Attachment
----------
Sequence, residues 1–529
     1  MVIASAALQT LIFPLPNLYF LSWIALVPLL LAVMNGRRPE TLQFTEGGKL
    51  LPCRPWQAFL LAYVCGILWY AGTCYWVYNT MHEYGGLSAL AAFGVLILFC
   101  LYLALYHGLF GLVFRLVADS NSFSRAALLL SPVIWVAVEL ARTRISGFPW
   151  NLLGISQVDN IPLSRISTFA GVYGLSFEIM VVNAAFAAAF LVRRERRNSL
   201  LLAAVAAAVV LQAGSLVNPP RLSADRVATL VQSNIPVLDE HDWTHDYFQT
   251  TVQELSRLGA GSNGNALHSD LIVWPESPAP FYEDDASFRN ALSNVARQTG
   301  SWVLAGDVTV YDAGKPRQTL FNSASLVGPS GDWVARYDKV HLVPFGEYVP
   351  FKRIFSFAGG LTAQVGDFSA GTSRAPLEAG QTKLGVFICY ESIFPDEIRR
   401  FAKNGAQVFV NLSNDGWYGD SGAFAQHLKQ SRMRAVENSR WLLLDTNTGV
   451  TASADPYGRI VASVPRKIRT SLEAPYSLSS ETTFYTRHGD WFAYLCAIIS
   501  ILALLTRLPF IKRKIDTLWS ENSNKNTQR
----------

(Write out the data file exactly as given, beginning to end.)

Sequence, residues 1–529
     1  MVIASAALQT LIFPLPNLYF LSWIALVPLL LAVMNGRRPE TLQFTEGGKL
    51  LPCRPWQAFL LAYVCGILWY AGTCYWVYNT MHEYGGLSAL AAFGVLILFC
   101  LYLALYHGLF GLVFRLVADS NSFSRAALLL SPVIWVAVEL ARTRISGFPW
   151  NLLGISQVDN IPLSRISTFA GVYGLSFEIM VVNAAFAAAF LVRRERRNSL
   201  LLAAVAAAVV LQAGSLVNPP RLSADRVATL VQSNIPVLDE HDWTHDYFQT
   251  TVQELSRLGA GSNGNALHSD LIVWPESPAP FYEDDASFRN ALSNVARQTG
   301  SWVLAGDVTV YDAGKPRQTL FNSASLVGPS GDWVARYDKV HLVPFGEYVP
   351  FKRIFSFAGG LTAQVGDFSA GTSRAPLEAG QTKLGVFICY ESIFPDEIRR
   401  FAKNGAQVFV NLSNDGWYGD SGAFAQHLKQ SRMRAVENSR WLLLDTNTGV
   451  TASADPYGRI VASVPRKIRT SLEAPYSLSS ETTFYTRHGD WFAYLCAIIS
   501  ILALLTRLPF IKRKIDTLWS ENSNKNTQR